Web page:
Today's climate and energy headlines:
- Carbon tax plan gets binned by Boris Johnson amid fear it would spark a rise in food prices
- Environment groups call for public inquiry into Cumbrian coal mine
- Global heating to blame for threat of deadly flood in Peru, study finds
- Shell makes $20bn loss as Covid crisis downgrades assets
- Climate veteran Xie Zhenhua returns as China's special envoy
- Rich countries must update financial vows to tackle climate crisis, says UN
- COP26 dream team: The people setting the climate agenda on seven key issues
- Drivers of change in US residential energy consumption and greenhouse gas emission, 1990-2015
The UK Government has “killed off” the idea of a carbon tax that “could have seen huge price rises for meat, cheese and gas”, reports the Daily Mail. Following reporting yesterday by the Times of a Whitehall memo on carbon pricing – which Channel 4 News “confirmed” – a government source tells the Mail that ministers would not be proceeding after prime minister Boris Johnson blocked the idea. The source adds: “We have absolutely no intention of putting a carbon tax on meat or other food products.” Yesterday morning, the prime minister’s official spokesman declined to rule out the policy – as reported by the Independent – but “at 6pm the plan was ditched”, the Mail says. The Sun has a similar story, reporting that a senior No 10 official told the paper last night: “This is categorically not going to happen…We will not be imposing a meat tax on the great British banger or anything else.” Elsewhere, the Daily Telegraph reports on criticism of the proposed tax by the National Farmers Union (NFU), which warned that it would put British farmers at a “competitive disadvantage” compared to other countries. The NFU deputy president told the paper: “A carbon tax will not have the desired effect if it is implemented in the UK alone. It is essential that any tax is internationally recognised, otherwise UK farmers will be put at a competitive disadvantage, outpriced by food imports with a higher carbon footprint.”
In related news, Bloomberg reports that, “according to two people familiar with the matter”, Boris Johnson is considering using the UK’s G7 presidency this year to try and forge an alliance on carbon border taxes. The outlet says that Johnson “wants to expand carbon pricing at home”, but “also wants to get G7 countries to discuss so-called carbon border adjustments – penalties on imported goods that are produced in countries with weaker climate laws, according to the people”. It adds: “The idea is to protect industries in countries that have higher carbon prices while prodding other regions to move ahead with similar climate action. But it is controversial. A decade ago, the European Union was forced to backtrack on a plan to include international flights in its carbon market, after the proposals caused an uproar and threats of retaliation from Brazil to the US, Russia and China.” It notes that “the UK’s presidency is still in early stages and proposals are yet to be agreed. A text would likely allow for an agreement in principle, rather than a binding commitment.”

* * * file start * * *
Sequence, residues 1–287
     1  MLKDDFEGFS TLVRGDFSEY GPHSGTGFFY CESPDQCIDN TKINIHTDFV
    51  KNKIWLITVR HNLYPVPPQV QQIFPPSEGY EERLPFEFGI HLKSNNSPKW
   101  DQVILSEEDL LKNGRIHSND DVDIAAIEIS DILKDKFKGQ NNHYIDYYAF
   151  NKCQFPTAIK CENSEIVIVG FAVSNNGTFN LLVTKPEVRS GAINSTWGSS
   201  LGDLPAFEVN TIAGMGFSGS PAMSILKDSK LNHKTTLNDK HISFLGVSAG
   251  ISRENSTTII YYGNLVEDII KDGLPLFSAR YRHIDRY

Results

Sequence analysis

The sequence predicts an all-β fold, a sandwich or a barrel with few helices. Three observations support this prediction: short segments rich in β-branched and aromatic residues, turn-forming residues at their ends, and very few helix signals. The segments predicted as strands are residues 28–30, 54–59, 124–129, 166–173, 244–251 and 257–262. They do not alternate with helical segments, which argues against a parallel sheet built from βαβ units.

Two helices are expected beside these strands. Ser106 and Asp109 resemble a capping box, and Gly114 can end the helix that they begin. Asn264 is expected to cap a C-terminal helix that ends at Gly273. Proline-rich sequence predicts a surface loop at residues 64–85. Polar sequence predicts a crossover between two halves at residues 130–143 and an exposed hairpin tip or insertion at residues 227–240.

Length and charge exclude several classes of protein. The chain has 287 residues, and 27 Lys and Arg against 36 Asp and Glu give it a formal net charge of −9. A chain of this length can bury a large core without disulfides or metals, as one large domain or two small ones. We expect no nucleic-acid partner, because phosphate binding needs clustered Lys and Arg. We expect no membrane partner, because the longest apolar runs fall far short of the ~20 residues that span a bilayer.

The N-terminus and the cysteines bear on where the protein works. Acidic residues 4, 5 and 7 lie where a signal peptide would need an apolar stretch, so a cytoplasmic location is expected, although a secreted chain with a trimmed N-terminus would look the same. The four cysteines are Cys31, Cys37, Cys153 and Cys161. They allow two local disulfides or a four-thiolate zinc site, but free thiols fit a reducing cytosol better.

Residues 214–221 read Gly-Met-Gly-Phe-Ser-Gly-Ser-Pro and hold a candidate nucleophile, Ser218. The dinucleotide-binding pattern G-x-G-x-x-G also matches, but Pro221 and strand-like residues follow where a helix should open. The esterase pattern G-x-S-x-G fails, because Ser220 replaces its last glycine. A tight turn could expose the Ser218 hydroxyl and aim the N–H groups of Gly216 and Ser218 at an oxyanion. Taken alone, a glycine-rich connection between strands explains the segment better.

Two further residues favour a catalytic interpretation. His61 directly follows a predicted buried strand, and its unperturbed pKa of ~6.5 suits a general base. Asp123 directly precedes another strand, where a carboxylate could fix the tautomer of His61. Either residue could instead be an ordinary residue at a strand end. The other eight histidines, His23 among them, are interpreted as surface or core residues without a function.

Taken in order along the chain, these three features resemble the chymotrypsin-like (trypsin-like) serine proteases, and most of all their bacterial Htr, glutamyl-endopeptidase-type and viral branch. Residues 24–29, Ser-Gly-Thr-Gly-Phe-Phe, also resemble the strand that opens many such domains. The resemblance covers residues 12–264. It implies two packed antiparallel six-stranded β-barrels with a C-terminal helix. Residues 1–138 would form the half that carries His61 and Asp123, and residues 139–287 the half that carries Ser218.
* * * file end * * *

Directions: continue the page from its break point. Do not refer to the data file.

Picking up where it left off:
Dozens of environmental groups have written to Boris Johnson calling for a public inquiry into plans for a new coal mine in Cumbria, reports BBC News. The letter, signed by groups including Greenpeace, Friends of the Earth and the Cumbria Wildlife Trust, says it is “mystifying” that the government has not stopped the mine from going ahead, and that the UK’s credibility as host of the COP26 climate summit later this year “is at stake”, the outlet explains, adding: “The signatories acknowledge that whilst ‘new jobs need to be created’, the government should ‘lead the way with low-carbon technologies, rather than looking to the polluting industries of the past’.” Elsewhere, the Guardian reports on the “local divisions” over the proposed mine that are pitting “climate protection against job creation”.